Area can’t afford to lose Pathmark, residents say

Assembly Speaker Sheldon Silver told residents and community leaders at Wednesday’s rally, “We’ve fought this battle before, and we’ll fight it again,” outside the Pathmark, at 227 Cherry St., which is in danger of closing soon. Photo by Sam Spokony

BY SAM SPOKONY  |  Around a hundred Lower East Side residents gathered with community leaders and politicians on Wednesday to rally against the impending closure of a Pathmark supermarket, which would pave the way for a largely unwelcome, upscale residential development.

“This community is stunned that we will very soon be deprived of a very basic need in our neighborhood,” said Victor Papa, president of the Two Bridges Neighborhood Council, at the rally outside the Pathmark at 227 Cherry St. “And that need is the affordable food and medicine that this [supermarket and pharmacy] has provided for nearly three decades.”

A&P, which owns Pathmark, announced on Sept. 28 that the Cherry St. supermarket will close at the end of December due to the sale of its lease to an unidentified party. An A&P spokesperson said the corporation is relinquishing the lease to accommodate a “large-scale residential development and improvement project, while preserving the right to operate once the project is complete.”

The community’s immediate outrage at the announcement has continued steadily since the news broke, especially among the many low-income, public housing residents and seniors who live within walking distance of the Pathmark and have few other options for grocery shopping.

“I love my Pathmark, and I would really miss it,” said Dalia Soto, who came to Wednesday’s rally from her home in the nearby LaGuardia Houses, where she has lived for more than 50 years.

Soto added that, for the past 15 years, she has done basically all of her grocery shopping at the Cherry St. supermarket. If it were to close as planned, her only other option would be to shop at the Fine Fare on Clinton St., near Grand St. — but she explained that the walk back and forth would be too long, and that the Fine Fare just doesn’t compare with the value offered by Pathmark.

Another LaGuardia Houses resident, Ruth Hawkins, showed up at the rally waving her most recent Pathmark receipt, which showed that she had saved more than $1,300 so far this year by using the store’s member discount card.

“That’s money for my family,” said Hawkins, who added that she is currently unemployed and looking for work. “It’s really scary, because we just can’t afford to shop anywhere else.”

State Assembly Speaker Sheldon Silver, who helped lead a similar — and successful — fight in 2007, when the Cherry St. Pathmark was in danger of being replaced by a residential development, gave spirited and optimistic remarks at Wednesday’s gathering.

“We’ve fought this battle before, and we’ll fight it again,” Silver told the crowd, before adding, amid cheers, his firm belief that, “We’ll win!”

Silver, Borough President Scott Stringer, state Senator Daniel Squadron, City Councilmember Margaret Chin and Congressmember Nydia Velazquez — all of whom were on hand at the rally, except for Velazquez — sent an Oct. 5 letter to A&P’s C.E.O., as well as to the longtime owner of the land, F. Roy Schoenberg, imploring them to work collaboratively with community leaders in order to ease the burden on local residents.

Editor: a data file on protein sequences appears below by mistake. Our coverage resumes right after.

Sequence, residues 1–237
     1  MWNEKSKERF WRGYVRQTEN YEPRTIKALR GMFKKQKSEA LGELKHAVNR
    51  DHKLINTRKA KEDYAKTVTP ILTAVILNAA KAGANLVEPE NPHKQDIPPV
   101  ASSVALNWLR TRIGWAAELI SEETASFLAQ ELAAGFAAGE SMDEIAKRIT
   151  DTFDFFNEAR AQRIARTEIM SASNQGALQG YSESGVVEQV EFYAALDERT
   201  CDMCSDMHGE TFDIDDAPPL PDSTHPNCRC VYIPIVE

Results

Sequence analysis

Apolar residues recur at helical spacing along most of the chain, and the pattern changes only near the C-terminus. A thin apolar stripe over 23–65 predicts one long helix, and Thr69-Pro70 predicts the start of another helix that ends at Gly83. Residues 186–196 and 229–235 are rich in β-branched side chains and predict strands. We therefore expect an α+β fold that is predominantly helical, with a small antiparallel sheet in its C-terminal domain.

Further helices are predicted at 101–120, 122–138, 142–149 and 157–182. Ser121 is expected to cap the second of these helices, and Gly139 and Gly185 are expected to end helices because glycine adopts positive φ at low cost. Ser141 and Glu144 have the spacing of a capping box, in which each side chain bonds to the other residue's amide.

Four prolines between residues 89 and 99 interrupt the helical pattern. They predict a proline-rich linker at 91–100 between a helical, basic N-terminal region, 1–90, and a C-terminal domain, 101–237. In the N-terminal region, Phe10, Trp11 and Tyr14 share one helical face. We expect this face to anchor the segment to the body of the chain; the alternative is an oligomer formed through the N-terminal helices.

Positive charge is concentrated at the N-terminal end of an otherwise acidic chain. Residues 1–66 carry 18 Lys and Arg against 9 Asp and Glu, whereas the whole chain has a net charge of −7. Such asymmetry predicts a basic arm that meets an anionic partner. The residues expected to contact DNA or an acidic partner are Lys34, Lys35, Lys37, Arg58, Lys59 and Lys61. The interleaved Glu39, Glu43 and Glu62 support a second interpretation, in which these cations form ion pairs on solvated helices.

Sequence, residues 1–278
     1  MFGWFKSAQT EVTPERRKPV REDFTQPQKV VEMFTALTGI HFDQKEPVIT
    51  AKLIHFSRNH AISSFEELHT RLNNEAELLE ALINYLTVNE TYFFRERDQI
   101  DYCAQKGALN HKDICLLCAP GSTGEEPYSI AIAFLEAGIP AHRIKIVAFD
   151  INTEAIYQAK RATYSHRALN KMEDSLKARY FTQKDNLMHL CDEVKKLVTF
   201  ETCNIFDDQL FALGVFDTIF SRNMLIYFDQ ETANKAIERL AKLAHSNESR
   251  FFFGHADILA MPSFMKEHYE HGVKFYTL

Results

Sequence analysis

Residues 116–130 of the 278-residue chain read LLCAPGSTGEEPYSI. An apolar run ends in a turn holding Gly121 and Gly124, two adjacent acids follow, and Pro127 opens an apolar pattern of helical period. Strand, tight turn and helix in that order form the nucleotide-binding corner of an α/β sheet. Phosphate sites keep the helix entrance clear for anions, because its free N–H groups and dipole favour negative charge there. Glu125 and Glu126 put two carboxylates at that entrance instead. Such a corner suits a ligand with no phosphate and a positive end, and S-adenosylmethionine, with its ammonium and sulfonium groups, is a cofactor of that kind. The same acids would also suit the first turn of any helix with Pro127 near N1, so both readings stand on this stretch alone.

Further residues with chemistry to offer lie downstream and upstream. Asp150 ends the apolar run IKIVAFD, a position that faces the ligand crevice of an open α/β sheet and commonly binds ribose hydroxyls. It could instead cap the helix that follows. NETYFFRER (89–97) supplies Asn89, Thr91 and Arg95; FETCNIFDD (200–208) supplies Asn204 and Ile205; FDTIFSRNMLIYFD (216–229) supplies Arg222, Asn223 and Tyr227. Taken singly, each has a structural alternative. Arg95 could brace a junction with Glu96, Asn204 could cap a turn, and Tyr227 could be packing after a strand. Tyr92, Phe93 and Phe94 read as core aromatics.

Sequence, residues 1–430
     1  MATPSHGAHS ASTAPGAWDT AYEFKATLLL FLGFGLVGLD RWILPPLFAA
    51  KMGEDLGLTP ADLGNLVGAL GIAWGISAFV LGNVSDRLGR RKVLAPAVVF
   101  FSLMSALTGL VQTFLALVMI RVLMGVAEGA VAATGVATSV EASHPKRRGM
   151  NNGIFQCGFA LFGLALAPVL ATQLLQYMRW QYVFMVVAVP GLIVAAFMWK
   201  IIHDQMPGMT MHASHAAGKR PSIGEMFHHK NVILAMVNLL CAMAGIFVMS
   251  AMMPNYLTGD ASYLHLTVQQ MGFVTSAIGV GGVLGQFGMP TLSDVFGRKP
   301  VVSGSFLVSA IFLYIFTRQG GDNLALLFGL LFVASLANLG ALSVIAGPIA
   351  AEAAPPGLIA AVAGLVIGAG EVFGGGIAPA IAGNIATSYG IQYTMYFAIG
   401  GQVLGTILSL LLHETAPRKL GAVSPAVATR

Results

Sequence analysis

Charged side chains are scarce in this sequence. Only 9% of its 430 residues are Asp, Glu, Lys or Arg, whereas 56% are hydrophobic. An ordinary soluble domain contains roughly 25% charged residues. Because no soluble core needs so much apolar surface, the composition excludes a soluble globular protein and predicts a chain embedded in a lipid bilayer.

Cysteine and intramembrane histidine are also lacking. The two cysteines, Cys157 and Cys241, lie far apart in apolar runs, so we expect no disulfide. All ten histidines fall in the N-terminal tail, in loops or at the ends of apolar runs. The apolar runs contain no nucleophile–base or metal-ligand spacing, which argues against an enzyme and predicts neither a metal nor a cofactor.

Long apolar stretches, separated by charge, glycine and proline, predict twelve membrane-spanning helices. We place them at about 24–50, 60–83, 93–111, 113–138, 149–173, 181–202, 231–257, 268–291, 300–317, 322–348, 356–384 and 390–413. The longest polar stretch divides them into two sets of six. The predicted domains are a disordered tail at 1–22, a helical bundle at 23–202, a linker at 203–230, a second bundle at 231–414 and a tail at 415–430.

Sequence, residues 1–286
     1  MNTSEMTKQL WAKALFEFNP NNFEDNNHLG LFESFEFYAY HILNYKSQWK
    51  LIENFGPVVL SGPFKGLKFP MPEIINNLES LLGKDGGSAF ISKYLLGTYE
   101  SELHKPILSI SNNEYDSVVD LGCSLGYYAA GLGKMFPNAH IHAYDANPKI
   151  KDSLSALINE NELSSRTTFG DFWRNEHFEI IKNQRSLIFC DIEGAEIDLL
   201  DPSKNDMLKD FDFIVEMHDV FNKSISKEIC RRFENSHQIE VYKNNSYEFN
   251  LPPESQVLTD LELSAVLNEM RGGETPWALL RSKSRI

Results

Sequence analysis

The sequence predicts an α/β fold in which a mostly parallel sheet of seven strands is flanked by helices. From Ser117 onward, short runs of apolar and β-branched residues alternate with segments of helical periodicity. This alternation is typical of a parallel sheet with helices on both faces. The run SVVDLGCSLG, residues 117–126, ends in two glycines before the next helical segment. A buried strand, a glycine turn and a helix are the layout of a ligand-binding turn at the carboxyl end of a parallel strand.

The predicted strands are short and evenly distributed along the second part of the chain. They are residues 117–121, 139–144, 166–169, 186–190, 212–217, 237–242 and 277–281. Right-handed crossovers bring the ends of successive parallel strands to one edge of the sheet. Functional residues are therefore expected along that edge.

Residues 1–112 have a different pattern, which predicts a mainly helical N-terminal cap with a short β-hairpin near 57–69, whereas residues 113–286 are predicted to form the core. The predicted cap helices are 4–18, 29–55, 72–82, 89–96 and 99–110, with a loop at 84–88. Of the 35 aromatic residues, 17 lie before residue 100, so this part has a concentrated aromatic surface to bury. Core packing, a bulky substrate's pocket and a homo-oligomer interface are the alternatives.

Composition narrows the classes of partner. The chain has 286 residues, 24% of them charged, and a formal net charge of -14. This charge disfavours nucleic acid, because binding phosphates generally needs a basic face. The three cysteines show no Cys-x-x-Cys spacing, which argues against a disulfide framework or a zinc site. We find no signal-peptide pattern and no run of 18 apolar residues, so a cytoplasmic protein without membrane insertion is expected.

After the rally, Silver said that the elected officials hope to meet with A&P executives, Schoenberg and the new developer as soon as possible, although that meeting hasn’t been scheduled yet.

Papa later explained that, although he hasn’t received confirmation, he has good reason to believe that the developer now in control of the 227 Cherry St. lease is the Extell Development Company, which is led by Gary Barnett. Extell’s residential properties are all massive luxury apartment buildings. The company is currently constructing the 90-story One57 building in Midtown, which, at slightly more than 1,000 feet, will be the tallest residential building in the city once it’s completed in 2013. One57’s duplex penthouse sold for in excess of $90 million in May.

Soto, the LaGuardia Houses resident, said she believes a luxury building would simply feel out of place at 227 Cherry St.

“This isn’t Fifth Avenue,” she said. “We’re just regular people.”

Barnett declined to comment, via a spokesperson at Rubenstein Public Relations.

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4 Responses to Area can’t afford to lose Pathmark, residents say

  1. Albrecht family

    ALDI would be great for prices and quality!! And it only needs a small site.

  2. greed vs need is what we are talking about no concern for our community. please people lets all unite and get together. we do not need another tall building replacing our pathmark. elders need, we all need this supermarket. and hope we don't lose it because of greed vs our needs.

  3. If a developer puts up a new residential building where will those people be able to shop for groceries? A neighborhood needs a super market accessible on foot with a shopping cart. So few have cars.

  4. This real estate developer is building a luxury building!?! At Two Bridges of all places. It's primarily a community of senior citizens/poor folks. Yes there are working class folks as well but certainly not living in those projects! What are these people thinking? Like s'body mentioned in the article above. This is NOT 5TH AVENUE/ MIDTOWN. Renters or buyers of these luxury complex apartments will definitely feel out of place.

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